Unfortunately, numerous problems hold it back.  My biggest issue was perception.  When levels go from being flat to having height and  depth, I had trouble lining up jumps, because it really looked like the blocks I was leaping towards were straight across from the one I was on.  Or at least they did when I had about a second to glance over at them while plotting the course I was taking.  This issue comes up a lot from the third world onwards, and it never failed to frustrate.  It also doesn’t help that you can’t rotate the camera.  You can move it slightly left or slightly right, and you can zoom it out, but you can’t rotate it.  This was apparently done so that they could occasionally hide hidden trinkets behind objects.  I’m fine with that, if the amount of fun from that concept outweighs the amount of frustration not having a better camera option causes.  Not only is that not the case here, but the stuff hidden behind scenery glows so that you can’t possibly miss it.  I hate it when games screw up their concept and are condescending about it.

Controls are an issue too.  DO NOT FALL uses a full 3D game engine, but all the action should hypothetically take place one block at a time.  Because of that, I would think the D-Pad would be the preferable control option.  It’s not an option at all.  Thus, movement is imprecise and too loose to fully be comfortable while maneuvering the stages.  Often, the platforms you’re running across only have a width of one block.  This left me a frequent victim of simply walking off a ledge.  I can’t help but wonder if it would have played better if movement is was handled one full block at a time.  I honestly don’t know if it would have worked better or not, but the current scheme is problematic.  It was never a deal breaker, mind you.  Once you get over the learning curve of the physics (could take a while) and get a feel for distance, you’ll be zipping through levels with the only fusses being those there by design.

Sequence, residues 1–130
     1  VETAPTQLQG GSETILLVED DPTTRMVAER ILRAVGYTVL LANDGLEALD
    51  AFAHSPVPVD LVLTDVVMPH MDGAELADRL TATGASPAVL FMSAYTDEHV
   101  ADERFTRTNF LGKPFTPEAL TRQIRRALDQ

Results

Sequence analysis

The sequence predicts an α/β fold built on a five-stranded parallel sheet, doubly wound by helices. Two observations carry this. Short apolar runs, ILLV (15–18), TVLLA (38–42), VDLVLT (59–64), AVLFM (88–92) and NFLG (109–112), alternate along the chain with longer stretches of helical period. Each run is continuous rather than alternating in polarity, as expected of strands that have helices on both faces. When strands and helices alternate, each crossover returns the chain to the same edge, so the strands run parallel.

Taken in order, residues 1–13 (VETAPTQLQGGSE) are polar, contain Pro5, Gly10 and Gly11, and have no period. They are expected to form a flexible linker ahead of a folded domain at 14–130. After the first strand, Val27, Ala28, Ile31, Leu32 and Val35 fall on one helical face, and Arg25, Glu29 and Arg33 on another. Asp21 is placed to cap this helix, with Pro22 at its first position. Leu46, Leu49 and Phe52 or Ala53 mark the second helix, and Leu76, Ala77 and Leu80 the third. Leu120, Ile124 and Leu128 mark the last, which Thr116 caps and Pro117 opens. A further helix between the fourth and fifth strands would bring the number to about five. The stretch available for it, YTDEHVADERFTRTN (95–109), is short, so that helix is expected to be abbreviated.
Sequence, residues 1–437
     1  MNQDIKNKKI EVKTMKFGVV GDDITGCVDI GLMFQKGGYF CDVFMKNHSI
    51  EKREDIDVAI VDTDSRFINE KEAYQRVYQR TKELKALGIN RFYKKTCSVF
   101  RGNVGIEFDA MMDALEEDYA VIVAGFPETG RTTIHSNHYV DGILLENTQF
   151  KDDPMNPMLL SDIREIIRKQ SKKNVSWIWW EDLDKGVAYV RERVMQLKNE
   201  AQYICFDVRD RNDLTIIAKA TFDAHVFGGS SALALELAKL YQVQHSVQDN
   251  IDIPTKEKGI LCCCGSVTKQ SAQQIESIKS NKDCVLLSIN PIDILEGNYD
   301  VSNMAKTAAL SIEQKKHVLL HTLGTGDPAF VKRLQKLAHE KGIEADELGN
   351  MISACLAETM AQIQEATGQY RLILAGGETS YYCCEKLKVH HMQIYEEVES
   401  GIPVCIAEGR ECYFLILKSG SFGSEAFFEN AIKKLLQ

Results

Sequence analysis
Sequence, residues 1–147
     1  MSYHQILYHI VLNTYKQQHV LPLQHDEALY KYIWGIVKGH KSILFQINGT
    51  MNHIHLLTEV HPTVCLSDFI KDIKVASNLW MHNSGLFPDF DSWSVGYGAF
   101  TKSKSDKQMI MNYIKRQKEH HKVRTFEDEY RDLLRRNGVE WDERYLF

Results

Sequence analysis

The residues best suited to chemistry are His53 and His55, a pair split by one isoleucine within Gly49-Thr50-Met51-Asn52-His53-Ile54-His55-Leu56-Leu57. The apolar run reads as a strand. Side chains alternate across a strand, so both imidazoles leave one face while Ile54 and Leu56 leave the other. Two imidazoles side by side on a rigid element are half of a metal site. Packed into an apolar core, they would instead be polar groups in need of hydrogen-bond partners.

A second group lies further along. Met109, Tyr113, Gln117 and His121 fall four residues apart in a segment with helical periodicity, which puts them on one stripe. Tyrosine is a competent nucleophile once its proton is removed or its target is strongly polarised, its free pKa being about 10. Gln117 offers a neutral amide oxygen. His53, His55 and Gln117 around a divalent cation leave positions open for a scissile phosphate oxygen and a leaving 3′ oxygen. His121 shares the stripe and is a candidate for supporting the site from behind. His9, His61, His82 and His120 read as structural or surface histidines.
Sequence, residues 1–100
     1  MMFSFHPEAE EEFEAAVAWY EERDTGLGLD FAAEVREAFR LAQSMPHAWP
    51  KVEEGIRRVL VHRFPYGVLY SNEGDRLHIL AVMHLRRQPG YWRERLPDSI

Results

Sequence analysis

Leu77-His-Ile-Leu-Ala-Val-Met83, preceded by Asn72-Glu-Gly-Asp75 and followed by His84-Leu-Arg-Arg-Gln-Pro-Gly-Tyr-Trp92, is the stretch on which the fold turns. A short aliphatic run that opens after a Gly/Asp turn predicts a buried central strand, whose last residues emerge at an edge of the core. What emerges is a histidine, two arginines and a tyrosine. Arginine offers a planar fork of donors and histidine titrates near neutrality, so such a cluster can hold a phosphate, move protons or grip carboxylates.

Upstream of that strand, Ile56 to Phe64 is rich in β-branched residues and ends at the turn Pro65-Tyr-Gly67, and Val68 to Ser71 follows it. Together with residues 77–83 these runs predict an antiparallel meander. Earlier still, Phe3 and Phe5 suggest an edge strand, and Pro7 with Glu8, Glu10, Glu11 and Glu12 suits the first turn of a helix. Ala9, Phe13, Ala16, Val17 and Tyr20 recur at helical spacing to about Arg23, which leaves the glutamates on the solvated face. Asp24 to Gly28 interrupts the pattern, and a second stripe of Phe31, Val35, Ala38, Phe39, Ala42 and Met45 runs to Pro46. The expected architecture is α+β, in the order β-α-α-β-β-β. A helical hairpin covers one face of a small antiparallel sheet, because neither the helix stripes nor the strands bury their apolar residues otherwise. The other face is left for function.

I can't help but think this was designed more with the phone market, or possibly Nintendo 3DS, in mind. Not that phones would have been suitable for DO NOT FALL.  I'm pretty sure this game combined with fake touch-screen buttons would have been a complete disaster.  3DS, on the other hand, would have probably been a better fit.  It might have helped with the depth-perception problems.

I can’t help but think this was designed more with the phone market, or possibly Nintendo 3DS, in mind. Not that phones would have been suitable for DO NOT FALL. I’m pretty sure this game combined with fake touch-screen buttons would have been a complete disaster. 3DS, on the other hand, would have probably been a better fit. It might have helped with the depth-perception problems.